• Former MemberFormer Member Posts: 1,876,324 The Mix Honorary Guru
    ShyBoy wrote: »
    You pay £375 a month rent atm.
    £46 per week travel... so thats £559 a month if you add it to your rent.

    £400 a week to live in london will be £1600 a month, and you will still have some travel expenses, so it looks to me like it will work out much, much more expensive.

    If you find a better paying job though that can cover that you could go for it, because if you are earning enough you dont want to spent four hours every day commuting (two there, two back - maybe?).

    If it was a typo and its £400 a month in central london just go for it for the extra £25 :p
    Ooops typo!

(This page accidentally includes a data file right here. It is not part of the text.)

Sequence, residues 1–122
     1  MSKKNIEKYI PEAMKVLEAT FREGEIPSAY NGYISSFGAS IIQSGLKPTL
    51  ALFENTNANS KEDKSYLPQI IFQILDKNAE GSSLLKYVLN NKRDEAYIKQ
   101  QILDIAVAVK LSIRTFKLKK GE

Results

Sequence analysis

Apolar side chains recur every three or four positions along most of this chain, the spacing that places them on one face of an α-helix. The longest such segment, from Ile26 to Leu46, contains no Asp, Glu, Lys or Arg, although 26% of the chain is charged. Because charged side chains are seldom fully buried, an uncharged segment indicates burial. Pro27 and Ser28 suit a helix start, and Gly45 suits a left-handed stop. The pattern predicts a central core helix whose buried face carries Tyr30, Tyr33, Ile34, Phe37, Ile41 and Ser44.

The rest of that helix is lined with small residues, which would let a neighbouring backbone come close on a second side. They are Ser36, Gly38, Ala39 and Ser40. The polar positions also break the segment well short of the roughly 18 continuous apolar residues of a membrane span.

I have seen places under £400 a month. :p

    ETA: I wanna do this for only a couple of years, to be closer to friends and to get a better job and enjoy being young, single and not having commitment. Living in Kingston also prevents me from getting involved with projects I am interested in which are in North London, as it takes around an hour to get to a lot of the places.

    I plan on moving out once I have some cash saved up and/or doing a TEFL and moving away.
  • Former MemberFormer Member Posts: 1,876,324 The Mix Honorary Guru
    i would do it it's much more convenient for everything really, i used to live in zone 4 but even that's a bit far away. you can get decent double rooms in zone2 for £110/week bills inc if you look hard enough. i can recommend clapham or greenwich and camden/angel's alright if you really want to go north of the river..